Suddenly, in a matter of seconds, she realised that no other teammates would have time to come back, and she was the only option left for the Dutch team. She left a couple of meters of distance to the rider in front of her and attacked from the back of the 12 riders group, taking them all by surprise. She describes how it went: “I saw nothing of what happened behind me since my attack. When I attacked, I knew I had only once chance, it was all or nothing. I noticed that Ashleigh Moolman-Pasio was at the front of the group. Had it been Longo Borghini at the front, my chances would have been much lower. She would had reacted right away for Persico. I thought the moment was good. I attacked with all I had and didn’t look back once. I was convinced that they would catch me sooner or later, but I realised 200 metres from the finish that I couldn’t hear any sound from their bikes near me. It hurt like hell to get up on the pedals with my elbow, but I even did that because I didn’t want to end with any regrets.”
Rivals, commentators and spectators around the world stared in desbelief. And so did Van Vleuten herself. “I couldn’t believe that I had won, and it took me several days for the win to really sink in and realise what I had done. For a whole week I kept thinking it had been a dream and next morning I would wake up and see that it hadn’t happened. It was so unbelievably crazy that I felt like that for such a long time.” Later, she would describe it as “maybe my best win ever”. For a rider who has such a long list of victories, some of them truly special and memorable, that’s quite a statement.
Team’s ambitions and goals’ switches
The growth of Movistar Team in the last two years has been nothing short of remarkable. While Van Vleuten herself has taken most of the important wins, for a total of 25, many other riders in the team have contributed to the list, mostly Emma Norsgaard and Arlenis Sierra, who have added 14 wins to the team so far between the two. The signings of Liane Lippert and Floortje Mackaij for 2023 will likely make a noticeably stronger and more balanced team, which may change some of the tactics for specific races, especially as Lippert is starting to establish herself as a force to be reckoned with in the hilly classics, as well as showing major improvements on the mountains.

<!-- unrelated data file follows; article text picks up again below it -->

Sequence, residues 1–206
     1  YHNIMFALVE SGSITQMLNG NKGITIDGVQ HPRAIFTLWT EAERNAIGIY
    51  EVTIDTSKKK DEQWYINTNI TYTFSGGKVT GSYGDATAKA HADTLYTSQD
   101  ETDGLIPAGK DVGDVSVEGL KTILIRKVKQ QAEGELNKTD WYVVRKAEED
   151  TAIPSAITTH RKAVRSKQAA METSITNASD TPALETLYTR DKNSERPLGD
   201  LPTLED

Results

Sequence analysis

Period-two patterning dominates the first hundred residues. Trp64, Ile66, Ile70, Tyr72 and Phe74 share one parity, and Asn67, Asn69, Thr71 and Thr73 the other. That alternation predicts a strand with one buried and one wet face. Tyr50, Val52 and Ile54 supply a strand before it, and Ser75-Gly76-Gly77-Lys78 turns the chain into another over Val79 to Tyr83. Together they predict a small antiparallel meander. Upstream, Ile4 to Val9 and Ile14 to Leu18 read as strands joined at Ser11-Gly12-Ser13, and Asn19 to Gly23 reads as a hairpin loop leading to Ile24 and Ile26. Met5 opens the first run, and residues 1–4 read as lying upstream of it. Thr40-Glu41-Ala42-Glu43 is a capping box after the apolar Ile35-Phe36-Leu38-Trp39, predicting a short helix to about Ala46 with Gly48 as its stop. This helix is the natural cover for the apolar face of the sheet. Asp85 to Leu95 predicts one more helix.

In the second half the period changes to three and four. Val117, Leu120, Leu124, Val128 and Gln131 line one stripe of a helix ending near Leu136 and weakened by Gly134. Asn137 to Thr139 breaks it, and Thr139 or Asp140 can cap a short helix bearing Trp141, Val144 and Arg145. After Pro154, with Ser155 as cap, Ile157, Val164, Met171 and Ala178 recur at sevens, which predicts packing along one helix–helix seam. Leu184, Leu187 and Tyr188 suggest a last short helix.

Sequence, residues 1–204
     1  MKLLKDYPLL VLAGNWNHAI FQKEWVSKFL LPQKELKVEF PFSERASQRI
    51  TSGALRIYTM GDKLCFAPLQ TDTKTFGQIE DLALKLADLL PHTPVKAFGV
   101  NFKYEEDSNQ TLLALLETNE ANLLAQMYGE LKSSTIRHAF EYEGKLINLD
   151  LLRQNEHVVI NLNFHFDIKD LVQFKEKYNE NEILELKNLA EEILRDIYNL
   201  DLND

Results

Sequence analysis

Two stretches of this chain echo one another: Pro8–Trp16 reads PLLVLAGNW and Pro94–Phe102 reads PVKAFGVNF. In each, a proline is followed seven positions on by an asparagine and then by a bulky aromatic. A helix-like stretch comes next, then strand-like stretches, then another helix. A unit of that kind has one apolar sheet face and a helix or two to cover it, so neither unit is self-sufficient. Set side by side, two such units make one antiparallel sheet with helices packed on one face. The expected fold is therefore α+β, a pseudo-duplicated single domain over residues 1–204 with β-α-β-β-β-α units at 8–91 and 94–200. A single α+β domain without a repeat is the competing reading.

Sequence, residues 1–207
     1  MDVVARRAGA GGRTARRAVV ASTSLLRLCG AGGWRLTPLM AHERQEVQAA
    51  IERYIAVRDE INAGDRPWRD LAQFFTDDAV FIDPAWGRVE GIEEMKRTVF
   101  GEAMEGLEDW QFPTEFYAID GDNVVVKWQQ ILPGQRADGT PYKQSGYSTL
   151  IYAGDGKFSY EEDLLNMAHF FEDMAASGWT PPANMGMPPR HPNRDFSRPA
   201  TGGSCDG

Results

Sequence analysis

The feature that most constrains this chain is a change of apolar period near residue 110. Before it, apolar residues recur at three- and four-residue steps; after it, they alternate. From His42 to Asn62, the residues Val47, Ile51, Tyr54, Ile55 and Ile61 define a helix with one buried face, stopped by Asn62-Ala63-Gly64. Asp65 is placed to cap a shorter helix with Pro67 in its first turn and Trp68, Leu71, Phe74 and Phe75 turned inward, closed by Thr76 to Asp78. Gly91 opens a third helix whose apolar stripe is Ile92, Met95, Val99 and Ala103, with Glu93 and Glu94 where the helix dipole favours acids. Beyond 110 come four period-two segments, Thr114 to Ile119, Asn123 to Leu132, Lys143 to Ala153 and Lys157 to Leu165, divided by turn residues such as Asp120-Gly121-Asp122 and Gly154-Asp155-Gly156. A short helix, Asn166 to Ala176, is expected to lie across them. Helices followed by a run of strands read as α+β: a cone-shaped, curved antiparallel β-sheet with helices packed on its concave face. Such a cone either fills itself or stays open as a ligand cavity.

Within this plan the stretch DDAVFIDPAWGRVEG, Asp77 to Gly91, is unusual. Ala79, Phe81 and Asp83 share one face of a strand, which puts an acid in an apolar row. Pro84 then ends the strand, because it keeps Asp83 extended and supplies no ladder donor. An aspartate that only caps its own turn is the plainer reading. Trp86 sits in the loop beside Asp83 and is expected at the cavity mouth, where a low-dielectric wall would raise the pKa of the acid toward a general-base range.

This is a welcome change for Van Vleuten. “I really like to play the tactical game with the team, and I do enjoy working for others sometimes, such as this year for Arlenis Sierra at Dwars door Vlaanderen and some stages in Romandie, or last year for Emma Norsgaard, for example in Omloop Het Niewsblad. I got great satisfaction from that”, she states, as she continues with an additional remark: “For stage races I think it’s better to have a plan for an unique leader, but for the classics a tactical approach with more options can be really beneficial, especially as the climbing efforts in the classics tend to be too short for me and I know I cannot win them based on power alone. But you can win them tactically.”
For the past few years, Van Vleuten has trained an unsurmountable amount of hours and kilometres on the TT bike, which showed in the results. She won the ITT World Championships in 2018 and 2019, and put the icing on the cake by winning the gold medal of the discipline in the Tokyo Olympics last year. However, her focus has switched since then, partly due the growing lack of time trials in the calendar, and partly due to her own interests. “My motivation comes from improving myself, and after Tokyo I felt there wasn’t any room left for me to improve in time trials anymore, so I’ve been training less on the TT bike. And, somehow, winning a time trial doesn’t give me the same euphoric feeling I get from winning a regular road race. But who knows, maybe when we get to know the parcours of the Tour de France Femmes tomorrow I’ll feel the need to train more often on the TT bike again”, she says with a smile. [Note: the interview happened the day before the TdFF presentation. Now we know the race will finish with a 22 km ITT in Pau].
In 2018, as she explained in our first interview with her, she became silver medallist in the World Championships on the track, in the Individual Pursuit. It was something she found quite challenging and ultimately not entirely satisfying due to several reasons. So, even though she didn’t completely rule it out for some time, tackling the hour record is not among her future plans anymore, either. “It’s something that I’ve been talking with my team and my coach for a long time. But I prefer racing outside over racing inside a velodrome so much that it’s not for me. And it requires so much specific preparation that it would compromise my goals on the road. The nice part is that you have to form a small team around you to prepare the event, and working with that staff is something I’d find motivating. But I won’t try it. Also, Ellen [van Dijk] has set such a high standard this year that it would be extremely difficult to beat.”
No more off road adventures for Annemiek van Vleuten, then. But she won’t find herself short of new goals and challenges to tackle in 2023, her final year as a pro cyclist. And in rainbows.